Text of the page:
A version of this article previously appeared Forbes. When I learned that one of my former UC Santa Barbara students scored a $1 million investment from the Shark Tank judges, I reached out to see what insights he might be able to share with his fellow entrepreneurs. Whether you love or loath the show, his responses might surprise you. Jeff Overall, Founder and CEO of PolarPro, was successful because he properly balanced the show’s need to entertain its audience, while delivering a professional pitch of his solid business. The entertainment factor was his exaggerated, surfer bro delivery which charmed the judges, but didn’t distract them from the underlying fundamentals of the business. I recently caught up with Jeff and he candidly shared his thoughts regarding his Shark Tank experience and whether or not he felt the return on his efforts were worthwhile. You can check out his Shark Tank pitch HERE (go to the last segment of the video and be ready to watch an annoying onslaught of commercials).
Photo courtesy of Santa Barbara Independent’s recent Techtopia Issue A version of this article previously appeared in Forbes. Serial entrepreneurs agree that it is best to communicate with investors on an eighth grade level. To illustrate this point, former DoubleClick Founder and current CEO of Graphiq Kevin O’Connor often begins his talks to entrepreneurial students by asking the following question. Select the real software product from this list. A. Assimilated, zero-administration, standard database-queuing schema B. Open-architected, workforce-neutral, productivity assimilator C. Modularly reduced Graphical User Interface heuristic D. Profit-focused, fault-tolerant encoding interface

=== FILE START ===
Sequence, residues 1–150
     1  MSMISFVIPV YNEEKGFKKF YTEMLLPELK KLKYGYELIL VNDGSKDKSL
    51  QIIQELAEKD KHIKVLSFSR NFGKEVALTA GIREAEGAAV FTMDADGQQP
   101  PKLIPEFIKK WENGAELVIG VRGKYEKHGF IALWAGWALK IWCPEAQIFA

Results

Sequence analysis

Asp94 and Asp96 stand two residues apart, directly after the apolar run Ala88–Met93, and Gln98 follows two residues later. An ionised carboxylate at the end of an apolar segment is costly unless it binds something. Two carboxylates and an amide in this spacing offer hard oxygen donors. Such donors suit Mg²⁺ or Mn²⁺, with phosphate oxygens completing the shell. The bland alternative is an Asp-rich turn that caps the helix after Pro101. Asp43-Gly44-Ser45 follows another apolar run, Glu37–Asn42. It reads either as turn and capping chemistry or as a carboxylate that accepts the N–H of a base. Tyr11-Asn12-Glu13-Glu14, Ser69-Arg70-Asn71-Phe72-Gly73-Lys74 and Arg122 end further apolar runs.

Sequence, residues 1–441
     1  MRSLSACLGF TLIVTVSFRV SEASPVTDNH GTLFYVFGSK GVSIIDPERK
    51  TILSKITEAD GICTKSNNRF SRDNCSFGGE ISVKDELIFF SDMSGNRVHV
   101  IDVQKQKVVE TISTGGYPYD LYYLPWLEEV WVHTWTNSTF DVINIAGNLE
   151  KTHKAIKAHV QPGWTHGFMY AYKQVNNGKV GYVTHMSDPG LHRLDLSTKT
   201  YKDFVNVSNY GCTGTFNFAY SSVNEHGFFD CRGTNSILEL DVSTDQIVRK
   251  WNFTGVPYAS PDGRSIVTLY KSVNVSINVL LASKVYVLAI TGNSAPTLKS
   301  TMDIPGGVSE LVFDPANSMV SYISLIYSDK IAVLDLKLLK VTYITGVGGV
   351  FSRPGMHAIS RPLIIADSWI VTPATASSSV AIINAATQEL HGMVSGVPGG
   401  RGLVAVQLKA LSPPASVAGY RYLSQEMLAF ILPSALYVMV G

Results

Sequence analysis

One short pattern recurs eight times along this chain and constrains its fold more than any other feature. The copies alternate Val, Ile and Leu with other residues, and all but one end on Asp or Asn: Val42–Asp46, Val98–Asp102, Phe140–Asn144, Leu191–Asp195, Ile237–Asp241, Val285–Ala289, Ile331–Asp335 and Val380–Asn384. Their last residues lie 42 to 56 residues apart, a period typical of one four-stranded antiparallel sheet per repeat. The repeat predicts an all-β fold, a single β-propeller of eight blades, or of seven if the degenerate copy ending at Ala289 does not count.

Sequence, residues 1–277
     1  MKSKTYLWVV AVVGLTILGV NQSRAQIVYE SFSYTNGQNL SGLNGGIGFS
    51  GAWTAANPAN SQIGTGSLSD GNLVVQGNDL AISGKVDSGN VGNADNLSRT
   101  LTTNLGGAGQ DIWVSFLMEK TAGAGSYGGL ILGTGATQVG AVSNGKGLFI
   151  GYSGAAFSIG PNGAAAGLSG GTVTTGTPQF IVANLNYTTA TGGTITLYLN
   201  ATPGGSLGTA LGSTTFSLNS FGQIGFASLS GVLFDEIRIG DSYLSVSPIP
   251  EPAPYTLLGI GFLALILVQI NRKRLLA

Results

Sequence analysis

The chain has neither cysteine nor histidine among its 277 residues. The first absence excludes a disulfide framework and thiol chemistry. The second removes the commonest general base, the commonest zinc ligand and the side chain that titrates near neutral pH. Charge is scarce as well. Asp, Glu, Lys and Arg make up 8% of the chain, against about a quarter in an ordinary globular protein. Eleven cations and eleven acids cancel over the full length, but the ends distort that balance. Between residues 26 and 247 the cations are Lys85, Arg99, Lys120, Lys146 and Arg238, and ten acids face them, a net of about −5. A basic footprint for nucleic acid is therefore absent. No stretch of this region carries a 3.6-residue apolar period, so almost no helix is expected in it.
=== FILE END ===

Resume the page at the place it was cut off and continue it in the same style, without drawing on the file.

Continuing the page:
A version of this article previously appeared in Forbes. Who makes more money, entrepreneurs or venture capitalists? I recently came across an interesting Quora response from a friend and one of my favorite co-investors, Jason Lemkin.